Up To Speed

Millennial cohort will have over-sized impact on retail, real estate

Millennial cohort will have oversized impact on retail, real estate

The Millennial Generation, also known as Echo Boomers or Generation Y, is roughly defined as people born between the early 1980s and early 2000s. As members of this generation start to make up a bigger portion of the workforce, and eventually become a bigger force in politics, a number of changes are bound to take place. In addition to preferring urban living in greater numbers than Baby Boomers and Generation X, Millennials also have different preferences when it comes to media, technology, shopping, transportation, and politics. More from Urban Land Magazine:

Over the last two to three years, echo boomers have been fueling the demand for rental housing in urbanized areas. Since 2009, there has been a steady increase in multifamily construction, climbing from 109,000 units in 2009 to 245,000 units in 2012, according to the U.S. Census Bureau. The new multifamily rentals are not limited to coastal cities. For example, from January to September 2012, Houston’s multifamily housing development rate increased 70 percent over the same period in 2011.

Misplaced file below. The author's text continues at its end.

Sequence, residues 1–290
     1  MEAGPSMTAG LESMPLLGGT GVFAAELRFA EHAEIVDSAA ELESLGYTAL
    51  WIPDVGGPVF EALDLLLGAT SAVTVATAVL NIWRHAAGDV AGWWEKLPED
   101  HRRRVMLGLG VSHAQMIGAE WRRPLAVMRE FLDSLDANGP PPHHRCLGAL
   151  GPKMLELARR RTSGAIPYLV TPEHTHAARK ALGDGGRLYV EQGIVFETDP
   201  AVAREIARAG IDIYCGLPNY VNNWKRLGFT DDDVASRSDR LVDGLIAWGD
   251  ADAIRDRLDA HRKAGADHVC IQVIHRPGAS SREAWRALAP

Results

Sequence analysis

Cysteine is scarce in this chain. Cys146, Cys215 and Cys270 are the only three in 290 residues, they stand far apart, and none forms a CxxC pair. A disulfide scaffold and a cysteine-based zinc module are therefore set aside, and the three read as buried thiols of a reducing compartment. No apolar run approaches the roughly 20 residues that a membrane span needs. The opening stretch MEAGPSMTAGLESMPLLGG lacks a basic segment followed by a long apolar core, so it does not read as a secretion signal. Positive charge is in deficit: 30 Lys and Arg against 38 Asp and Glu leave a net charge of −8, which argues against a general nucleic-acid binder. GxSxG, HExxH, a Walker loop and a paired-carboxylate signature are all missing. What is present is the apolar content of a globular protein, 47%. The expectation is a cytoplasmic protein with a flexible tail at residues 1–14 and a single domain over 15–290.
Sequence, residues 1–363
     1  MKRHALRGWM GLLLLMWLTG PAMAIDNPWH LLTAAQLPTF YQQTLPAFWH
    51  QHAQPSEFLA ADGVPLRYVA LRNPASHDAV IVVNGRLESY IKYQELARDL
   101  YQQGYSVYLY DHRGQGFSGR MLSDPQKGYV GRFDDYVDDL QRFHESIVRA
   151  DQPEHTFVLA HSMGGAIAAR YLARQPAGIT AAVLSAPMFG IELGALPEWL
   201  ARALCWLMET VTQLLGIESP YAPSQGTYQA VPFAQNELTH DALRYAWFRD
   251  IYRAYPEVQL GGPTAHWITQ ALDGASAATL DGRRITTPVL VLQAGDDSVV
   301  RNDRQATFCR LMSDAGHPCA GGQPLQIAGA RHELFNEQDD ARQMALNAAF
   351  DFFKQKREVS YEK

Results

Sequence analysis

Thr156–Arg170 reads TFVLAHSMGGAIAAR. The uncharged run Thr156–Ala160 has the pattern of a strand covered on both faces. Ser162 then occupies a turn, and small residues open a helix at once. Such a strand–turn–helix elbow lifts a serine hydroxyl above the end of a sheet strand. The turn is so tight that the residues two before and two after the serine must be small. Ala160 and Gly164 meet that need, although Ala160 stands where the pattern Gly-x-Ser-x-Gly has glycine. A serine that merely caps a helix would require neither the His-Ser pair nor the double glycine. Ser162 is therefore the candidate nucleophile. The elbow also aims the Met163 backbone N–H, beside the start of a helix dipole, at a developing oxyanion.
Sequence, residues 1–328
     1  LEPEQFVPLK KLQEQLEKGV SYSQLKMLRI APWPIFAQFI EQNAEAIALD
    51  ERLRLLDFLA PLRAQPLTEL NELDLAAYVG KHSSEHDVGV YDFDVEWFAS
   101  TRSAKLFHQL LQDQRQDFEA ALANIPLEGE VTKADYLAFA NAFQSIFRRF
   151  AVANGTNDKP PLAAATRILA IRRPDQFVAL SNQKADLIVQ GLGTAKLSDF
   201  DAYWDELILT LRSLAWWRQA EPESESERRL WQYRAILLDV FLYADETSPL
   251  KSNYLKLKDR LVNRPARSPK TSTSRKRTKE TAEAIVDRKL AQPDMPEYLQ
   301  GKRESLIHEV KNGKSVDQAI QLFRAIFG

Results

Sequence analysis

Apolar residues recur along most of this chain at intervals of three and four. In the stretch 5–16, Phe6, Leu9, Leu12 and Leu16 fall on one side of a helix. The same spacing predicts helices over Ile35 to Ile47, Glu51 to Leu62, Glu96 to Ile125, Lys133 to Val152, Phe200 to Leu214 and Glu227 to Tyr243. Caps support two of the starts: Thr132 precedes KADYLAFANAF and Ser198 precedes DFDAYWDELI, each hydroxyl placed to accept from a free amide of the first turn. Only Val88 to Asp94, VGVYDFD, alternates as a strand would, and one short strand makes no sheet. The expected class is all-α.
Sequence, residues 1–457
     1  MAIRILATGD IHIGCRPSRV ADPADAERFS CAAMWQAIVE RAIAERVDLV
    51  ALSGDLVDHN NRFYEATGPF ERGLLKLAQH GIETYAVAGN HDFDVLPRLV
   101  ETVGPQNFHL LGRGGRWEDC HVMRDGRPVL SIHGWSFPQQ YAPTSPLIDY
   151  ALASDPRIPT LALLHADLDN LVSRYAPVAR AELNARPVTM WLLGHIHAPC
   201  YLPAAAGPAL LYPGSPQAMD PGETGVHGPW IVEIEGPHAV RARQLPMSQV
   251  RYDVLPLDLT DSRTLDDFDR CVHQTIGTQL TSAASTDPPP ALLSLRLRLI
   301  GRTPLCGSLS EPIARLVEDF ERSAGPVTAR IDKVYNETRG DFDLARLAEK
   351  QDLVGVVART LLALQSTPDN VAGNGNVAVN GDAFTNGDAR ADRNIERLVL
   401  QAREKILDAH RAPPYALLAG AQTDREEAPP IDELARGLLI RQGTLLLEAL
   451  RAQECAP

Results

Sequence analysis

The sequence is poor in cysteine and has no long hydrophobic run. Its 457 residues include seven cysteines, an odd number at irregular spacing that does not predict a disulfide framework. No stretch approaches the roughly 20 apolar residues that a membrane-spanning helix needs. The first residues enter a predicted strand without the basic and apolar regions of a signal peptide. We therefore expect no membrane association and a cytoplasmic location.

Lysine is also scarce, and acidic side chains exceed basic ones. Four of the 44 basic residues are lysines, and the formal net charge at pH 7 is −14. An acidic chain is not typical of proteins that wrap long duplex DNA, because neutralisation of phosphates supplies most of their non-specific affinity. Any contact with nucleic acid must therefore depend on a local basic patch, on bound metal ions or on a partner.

Demand for rental units has increased most dramatically in tech centers such as San Francisco and the Silicon Valley area; Austin, Texas; Denver; Boston; and New York City. But even without the tech industry serving as a catalyst, the sheer size of the echo boom demographic has fueled demand for apartments—particularly those located in high-amenity cities and suburban agglomerations.

By Travis Estell

Travis joined UrbanCincy in 2009 as a contributor, and quickly took over technical responsibilities for the site. After growing up in Cincinnati’s east side in Goshen, Travis earned an Electronic Media degree from the University of Cincinnati in 2009. Since then, Travis has been working throughout the United States as a web development consultant. After living in Clifton Heights, Northside, and Over-the-Rhine, Travis now resides in Cincinnati’s Central Business District.